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MARK AUSTIN THOMAS: A new survey of many different nations finds that those countries perceived as being the most corrupt are also the poorest. Hillary Wicai looks at the connection.
HILLARY WICAI: Corruption is something folks take great pains to cover up, but many company managers, journalists and public officials have experience that they can relate.
And it’s surveys of those folks and others on which the Corruption Perceptions Index is based.
This year’s conclusion is grim: Nearly half of the 163 countries rated are perceived to suffer from rampant corruption.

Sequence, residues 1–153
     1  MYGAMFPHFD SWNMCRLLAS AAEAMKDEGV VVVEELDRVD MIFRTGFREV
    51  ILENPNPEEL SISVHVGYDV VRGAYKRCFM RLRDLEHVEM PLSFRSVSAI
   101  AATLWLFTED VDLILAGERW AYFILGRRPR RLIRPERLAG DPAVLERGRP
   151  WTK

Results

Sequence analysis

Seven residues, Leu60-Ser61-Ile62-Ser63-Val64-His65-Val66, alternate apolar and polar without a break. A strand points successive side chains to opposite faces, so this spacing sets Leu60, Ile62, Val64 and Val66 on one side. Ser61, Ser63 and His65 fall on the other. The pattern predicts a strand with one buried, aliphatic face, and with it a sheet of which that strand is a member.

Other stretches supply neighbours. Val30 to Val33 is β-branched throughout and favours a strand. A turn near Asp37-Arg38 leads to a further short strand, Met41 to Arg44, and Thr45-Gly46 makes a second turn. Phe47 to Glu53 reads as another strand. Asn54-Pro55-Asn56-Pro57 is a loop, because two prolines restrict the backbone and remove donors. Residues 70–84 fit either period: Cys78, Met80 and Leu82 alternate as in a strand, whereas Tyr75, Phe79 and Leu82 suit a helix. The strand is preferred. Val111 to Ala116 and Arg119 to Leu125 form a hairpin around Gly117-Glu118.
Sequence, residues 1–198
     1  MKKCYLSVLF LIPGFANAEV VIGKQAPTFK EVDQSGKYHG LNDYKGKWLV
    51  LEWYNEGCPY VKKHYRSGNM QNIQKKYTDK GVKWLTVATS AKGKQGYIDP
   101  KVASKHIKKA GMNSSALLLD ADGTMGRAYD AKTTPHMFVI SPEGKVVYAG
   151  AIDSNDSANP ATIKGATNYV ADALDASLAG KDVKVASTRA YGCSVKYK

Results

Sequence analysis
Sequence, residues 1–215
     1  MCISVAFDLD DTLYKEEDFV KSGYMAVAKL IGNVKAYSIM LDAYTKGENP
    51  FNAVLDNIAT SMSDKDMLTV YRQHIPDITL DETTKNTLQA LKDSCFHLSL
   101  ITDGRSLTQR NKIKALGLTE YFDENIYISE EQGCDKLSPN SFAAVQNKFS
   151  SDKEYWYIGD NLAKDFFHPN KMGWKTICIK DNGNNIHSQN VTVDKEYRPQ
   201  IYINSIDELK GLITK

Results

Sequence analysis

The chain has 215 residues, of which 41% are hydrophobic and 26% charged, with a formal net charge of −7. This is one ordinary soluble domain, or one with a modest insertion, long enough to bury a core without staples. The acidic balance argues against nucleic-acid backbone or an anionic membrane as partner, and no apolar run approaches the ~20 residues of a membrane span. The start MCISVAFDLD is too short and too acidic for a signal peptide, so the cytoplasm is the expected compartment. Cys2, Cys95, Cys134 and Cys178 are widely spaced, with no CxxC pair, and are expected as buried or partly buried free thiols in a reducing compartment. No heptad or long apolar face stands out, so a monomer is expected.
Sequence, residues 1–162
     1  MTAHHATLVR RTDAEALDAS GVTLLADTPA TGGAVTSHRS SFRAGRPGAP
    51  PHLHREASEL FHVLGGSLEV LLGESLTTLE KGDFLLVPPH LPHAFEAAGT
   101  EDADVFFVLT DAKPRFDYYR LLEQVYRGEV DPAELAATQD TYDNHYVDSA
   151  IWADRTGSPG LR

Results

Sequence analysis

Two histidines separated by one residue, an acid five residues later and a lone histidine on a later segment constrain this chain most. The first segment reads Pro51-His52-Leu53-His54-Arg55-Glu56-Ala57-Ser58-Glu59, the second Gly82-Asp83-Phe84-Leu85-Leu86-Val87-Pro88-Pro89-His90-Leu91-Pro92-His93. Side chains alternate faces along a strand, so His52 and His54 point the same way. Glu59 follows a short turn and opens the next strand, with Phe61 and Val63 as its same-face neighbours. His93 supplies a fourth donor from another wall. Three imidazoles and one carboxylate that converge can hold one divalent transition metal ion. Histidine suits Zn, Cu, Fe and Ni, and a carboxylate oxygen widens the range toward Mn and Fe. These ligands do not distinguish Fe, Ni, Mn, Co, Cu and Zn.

Nancy Boswell is with Transparency International, which wrote the report. She says embezzlement and bribery are major impediments to economic growth even when big projects like bridges or power stations get built.
NANCY BOSWELL: Those programs are of such magnitude that they afford a better opportunity for major bribes. And so many leaders may go for an infrastructure project rather than smaller projects for education and health.
The World Bank Institute estimates that more than a trillion dollars is paid worldwide in bribes each year.
In Washington, I’m Hillary Wicai for Marketplace.
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